“There is already evidence of some nurses conducting the rite at night in healthcare centers tucked in the villages. Some of these health facilities are run by the government,” Nyaramba said. She said there’s evidence the practice is on the decline in other communities, but Kisii remains at the top of the chart.

The irony is a large percentage of the community’s population is educated, Nyaramba said.  “We’d expect that high developmental indices could suggest declining FGM prevalence but that is not the case here,” she said.

Kisii is one of the counties with well-equipped and staffed healthcare facilities. But it is in these facilities where the practice is flourishing. Some parents, keen to evade security agencies, now take their girls for the cut when schools after the first and second terms. “By doing so they avoid the prying eyes of the security agencies and activists like us who are fighting hard to end this archaic tradition,” Nyaramba said.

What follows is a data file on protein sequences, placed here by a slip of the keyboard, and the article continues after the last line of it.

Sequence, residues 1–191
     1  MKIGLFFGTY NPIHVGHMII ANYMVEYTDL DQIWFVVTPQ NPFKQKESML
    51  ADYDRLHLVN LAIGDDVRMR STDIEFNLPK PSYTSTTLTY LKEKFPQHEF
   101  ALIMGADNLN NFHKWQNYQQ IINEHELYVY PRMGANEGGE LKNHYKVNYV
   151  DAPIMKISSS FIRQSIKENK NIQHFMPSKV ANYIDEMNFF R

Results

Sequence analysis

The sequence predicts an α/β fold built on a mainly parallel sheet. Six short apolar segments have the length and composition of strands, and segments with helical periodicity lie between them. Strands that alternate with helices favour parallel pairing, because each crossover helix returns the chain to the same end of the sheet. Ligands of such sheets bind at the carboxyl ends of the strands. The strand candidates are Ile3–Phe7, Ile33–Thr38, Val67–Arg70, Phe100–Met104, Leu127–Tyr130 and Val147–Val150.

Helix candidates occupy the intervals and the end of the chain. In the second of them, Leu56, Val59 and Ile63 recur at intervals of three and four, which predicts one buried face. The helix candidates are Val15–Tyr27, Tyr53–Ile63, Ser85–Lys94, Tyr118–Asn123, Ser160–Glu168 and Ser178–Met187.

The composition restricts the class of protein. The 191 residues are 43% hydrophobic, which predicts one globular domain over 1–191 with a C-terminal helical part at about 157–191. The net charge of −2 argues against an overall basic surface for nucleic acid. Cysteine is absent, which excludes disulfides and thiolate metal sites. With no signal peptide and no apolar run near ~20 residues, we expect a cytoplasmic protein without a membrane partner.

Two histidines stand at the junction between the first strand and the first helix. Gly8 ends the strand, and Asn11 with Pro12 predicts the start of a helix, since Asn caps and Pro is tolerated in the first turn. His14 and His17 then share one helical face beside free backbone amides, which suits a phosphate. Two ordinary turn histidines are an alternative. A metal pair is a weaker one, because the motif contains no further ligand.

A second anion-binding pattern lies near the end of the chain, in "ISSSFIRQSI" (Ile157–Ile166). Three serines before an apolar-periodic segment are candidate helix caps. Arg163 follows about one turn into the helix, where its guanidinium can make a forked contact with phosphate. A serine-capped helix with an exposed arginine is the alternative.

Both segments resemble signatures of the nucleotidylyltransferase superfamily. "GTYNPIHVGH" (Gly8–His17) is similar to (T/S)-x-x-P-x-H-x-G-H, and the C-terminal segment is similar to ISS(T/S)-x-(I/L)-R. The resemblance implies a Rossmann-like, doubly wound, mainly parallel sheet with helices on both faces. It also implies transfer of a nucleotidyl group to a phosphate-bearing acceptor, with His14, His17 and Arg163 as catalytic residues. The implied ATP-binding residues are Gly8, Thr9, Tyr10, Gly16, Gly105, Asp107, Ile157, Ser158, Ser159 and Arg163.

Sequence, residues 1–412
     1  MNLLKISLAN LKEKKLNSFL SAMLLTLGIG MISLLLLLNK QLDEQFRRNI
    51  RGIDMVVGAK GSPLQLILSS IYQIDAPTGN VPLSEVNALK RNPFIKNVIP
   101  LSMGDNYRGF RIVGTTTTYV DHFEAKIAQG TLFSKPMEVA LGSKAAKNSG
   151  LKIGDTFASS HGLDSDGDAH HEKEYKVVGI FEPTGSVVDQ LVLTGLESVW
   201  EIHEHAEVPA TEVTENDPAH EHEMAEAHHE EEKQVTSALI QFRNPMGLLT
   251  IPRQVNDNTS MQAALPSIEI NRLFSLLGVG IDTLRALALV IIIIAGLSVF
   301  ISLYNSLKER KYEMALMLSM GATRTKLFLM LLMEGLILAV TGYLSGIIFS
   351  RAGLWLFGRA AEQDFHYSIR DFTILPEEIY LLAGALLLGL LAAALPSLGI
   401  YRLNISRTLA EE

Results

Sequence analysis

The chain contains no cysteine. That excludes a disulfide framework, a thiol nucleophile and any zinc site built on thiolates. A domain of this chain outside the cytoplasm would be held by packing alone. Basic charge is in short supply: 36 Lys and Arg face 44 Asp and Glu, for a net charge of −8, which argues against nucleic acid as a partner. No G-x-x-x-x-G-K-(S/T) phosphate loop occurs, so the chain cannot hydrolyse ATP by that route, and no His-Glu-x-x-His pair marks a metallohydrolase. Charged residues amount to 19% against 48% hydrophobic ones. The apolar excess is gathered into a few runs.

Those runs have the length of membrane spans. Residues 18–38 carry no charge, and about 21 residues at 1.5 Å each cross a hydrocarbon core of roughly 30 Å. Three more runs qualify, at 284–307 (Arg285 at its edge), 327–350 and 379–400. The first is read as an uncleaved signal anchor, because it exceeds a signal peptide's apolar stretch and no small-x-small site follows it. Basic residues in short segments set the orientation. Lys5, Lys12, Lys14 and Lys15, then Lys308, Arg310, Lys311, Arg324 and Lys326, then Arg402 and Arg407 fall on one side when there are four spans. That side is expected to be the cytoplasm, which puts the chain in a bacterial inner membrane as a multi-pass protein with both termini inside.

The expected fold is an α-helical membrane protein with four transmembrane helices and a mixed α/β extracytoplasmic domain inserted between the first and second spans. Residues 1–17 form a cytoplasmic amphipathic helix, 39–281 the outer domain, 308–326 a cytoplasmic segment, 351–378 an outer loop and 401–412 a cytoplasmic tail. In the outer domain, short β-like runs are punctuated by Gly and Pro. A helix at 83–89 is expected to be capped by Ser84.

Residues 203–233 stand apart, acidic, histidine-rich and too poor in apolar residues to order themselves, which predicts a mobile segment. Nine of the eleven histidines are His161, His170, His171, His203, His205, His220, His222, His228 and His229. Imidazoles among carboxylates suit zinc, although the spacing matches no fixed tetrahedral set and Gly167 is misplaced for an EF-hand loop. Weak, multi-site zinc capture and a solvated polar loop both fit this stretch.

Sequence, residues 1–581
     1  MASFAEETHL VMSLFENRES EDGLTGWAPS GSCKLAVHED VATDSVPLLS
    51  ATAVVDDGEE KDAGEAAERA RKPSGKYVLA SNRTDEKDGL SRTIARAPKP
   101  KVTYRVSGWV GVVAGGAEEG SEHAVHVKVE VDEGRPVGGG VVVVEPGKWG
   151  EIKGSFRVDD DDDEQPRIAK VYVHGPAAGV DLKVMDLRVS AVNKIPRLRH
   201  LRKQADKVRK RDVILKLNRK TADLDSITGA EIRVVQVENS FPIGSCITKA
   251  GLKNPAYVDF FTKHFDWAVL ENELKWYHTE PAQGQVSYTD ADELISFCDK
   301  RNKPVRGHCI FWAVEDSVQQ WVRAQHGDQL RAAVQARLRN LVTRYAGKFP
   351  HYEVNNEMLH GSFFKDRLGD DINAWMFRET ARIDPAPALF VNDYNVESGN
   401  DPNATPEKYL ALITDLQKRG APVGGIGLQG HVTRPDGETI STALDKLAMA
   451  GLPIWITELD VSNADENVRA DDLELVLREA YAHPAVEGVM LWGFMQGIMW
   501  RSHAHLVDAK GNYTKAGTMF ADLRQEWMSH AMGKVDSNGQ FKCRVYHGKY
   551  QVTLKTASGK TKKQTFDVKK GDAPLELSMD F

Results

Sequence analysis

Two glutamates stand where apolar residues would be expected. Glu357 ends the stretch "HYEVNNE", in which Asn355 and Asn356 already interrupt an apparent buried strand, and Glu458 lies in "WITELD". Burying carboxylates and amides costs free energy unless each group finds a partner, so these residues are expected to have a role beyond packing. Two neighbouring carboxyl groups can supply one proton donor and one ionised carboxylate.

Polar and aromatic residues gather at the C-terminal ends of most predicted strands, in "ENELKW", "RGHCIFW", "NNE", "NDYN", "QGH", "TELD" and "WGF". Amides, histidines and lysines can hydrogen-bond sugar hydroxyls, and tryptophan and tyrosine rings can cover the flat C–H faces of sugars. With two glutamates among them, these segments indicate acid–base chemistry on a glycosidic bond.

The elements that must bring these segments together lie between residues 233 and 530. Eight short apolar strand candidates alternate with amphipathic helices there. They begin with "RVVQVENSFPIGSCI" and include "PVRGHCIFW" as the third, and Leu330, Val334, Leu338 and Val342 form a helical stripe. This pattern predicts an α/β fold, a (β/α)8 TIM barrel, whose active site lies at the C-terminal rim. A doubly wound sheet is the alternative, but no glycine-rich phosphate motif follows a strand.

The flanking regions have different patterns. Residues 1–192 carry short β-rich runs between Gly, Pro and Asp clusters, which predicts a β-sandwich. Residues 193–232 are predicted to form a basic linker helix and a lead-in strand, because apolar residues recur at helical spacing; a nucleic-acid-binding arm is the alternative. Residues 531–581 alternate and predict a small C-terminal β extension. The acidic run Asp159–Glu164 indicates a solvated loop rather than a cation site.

One doctor who asked to remain anonymous said what the government has succeeded in doing is outlawing the practice but not ending it.  “It is like fighting illicit brew. Few African governments have managed to totally eradicate it. It is the same for FGM,” he said.

The Prohibition of FGM Act was enacted in Kenya in 2011.

New FGM tactics thwart DPP’s efforts to prosecute offenders:

  • Doctors cut baby girls at birth using fingernails as well as taking young girls to get cut at clinics during school holidays so as to not be detected by the authorities.
  • Another tactic that communities have adopted to secretly circumcise girls, she said, was by crossing over to countries that do not prohibit the practice of FGM
  • Those living in urban areas take their children to private clinics within housing estates.
  • “You don’t expect an already overstretched security machinery to go house to house to check who has been circumcised or not. Nonetheless it is a minor surgery that does not take long to heal,” the doctor said
  • Some parents are now opting to take their children for the cut at a younger age.